roger
Member
1 year 13 days ago

Who is naive here? Why do not all manufacturers move their business to China then!? The answer is that transportation and import taxes to EU for fininshed cars is too expensive. NEVS will produce cars in Trollhättan for European market. Anything else is madness!

Angelo V.
Member
1 year 13 days ago
NEVS would build cars in Trollhattan in bare minimum volume—-to comply with any requirement their might have been for them to maintain use of the Saab name. Now that apparently they might no longer have that permission anyway—-they aren’t likely to want to build anything there. Their interest is not in the European market. There interest, is, was and always has been building electric cars for China. They also had a strong interest in having the Saab name to make the buyers in China feel as though they were getting a car with a European luxury heritage. Take the name… Read more »
Mick E. Bice
Member
1 year 12 days ago

Exactly, Angelo. Moreover, what little volume would be produced in Trollhattan (for a limited time period only, merely for compliance reasons) could just as well be assembled from CKD kits shipped from China.

Hamish Keddie
Guest
1 year 18 days ago

Do you know any other car maker that was sold, but where previous owners denied the new owners the right to make any existing models, and an even earlier owner raised problems about using the name, but the new owners still tried to carry on?

Angelo V.
Member
1 year 17 days ago

I guess you’d have to question the wisdom of anyone who would buy into something like that without having a clue of how to make it all work.

Hamish Keddie
Guest
1 year 13 days ago
Which is probably why no other company in the end was prepared to bid for SAAB, and why no major established OEM seems interested now. The only hope for SAAB is that NEVS makes a go of making electric or hybrid cars in China for China (I doubt that these would be called SAABs) and that this puts them in a position to develop and make cars in Sweden for other markets. They would like to call those cars SAABs. This two pronged strategy (cars for China made in China, and those for the rest of the world made in… Read more »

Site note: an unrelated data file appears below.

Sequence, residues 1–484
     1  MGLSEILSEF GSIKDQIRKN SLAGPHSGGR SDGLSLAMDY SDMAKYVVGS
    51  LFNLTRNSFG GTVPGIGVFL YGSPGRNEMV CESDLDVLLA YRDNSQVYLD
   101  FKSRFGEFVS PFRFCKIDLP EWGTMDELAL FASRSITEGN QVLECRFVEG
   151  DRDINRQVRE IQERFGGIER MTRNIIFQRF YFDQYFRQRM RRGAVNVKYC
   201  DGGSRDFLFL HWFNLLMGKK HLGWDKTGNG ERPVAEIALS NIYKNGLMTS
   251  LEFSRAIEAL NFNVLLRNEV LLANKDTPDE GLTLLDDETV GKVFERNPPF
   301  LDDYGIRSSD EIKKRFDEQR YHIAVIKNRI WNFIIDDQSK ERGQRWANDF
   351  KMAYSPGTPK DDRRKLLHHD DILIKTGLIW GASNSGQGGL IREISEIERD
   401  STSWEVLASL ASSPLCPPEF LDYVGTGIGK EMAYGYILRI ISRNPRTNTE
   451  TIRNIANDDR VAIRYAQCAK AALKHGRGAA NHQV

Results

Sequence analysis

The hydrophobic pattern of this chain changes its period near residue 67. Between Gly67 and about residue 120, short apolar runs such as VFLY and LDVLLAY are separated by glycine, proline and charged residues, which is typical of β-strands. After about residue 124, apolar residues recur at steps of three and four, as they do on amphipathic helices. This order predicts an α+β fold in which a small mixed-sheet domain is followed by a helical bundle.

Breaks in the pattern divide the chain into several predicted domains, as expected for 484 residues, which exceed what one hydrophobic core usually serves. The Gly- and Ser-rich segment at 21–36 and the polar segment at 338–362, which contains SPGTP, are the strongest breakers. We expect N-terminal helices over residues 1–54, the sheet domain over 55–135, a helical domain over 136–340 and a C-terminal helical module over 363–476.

Angelo V.
Member
1 year 12 days ago

But I remember reading here that part of the allure of the purchase was that the Chinese loved European/American status brands and that was one of the primary reasons the consortium wanted Saab. So it would make no sense for them to not use the Saab name on products they plan to sell in China—-as that seemed to be one catalyst of the purchase. And there were others willing to bid if they had the same conditions NEVS ultimately enjoyed. The process was ridiculous and scared off viable companies with common sense.

Hamish Keddie
Guest
1 year 12 days ago
Who was willing to bid? Mahindra? Twice they have been supposed to be about to bid for/buy SAAB or NEVS, but it did not. The documents published by TIm suggested that the brand name issue was probably a major stumbling block for them. Your conspiracy theory has been exploded. Several companies did back out of bidding for SAAB, when GM made it clear that they would not give any licenses relating to the then existing SAAB models. That, and the doubts over the right to use the name SAAB, is why no major OEM has been willing to buy SAAB.… Read more »
jond
Member
1 year 18 days ago
IMHO we’re reading far too much into the ownership permutations. China is still a communist country and bank accounts relating to regions or cities are like different pockets in a jacket. The jacket is worn by the Chinese Government. Swedish mass car manufacturing is now owned by the Chinese Government. Get used to it. It may be that the Saab brand will be useful to their future plans as they develop them or it may not. If it is then they might have another go at coming to an agreement with Saab AB. But they don’t seem to be particularly… Read more »
NickT
Member
1 year 18 days ago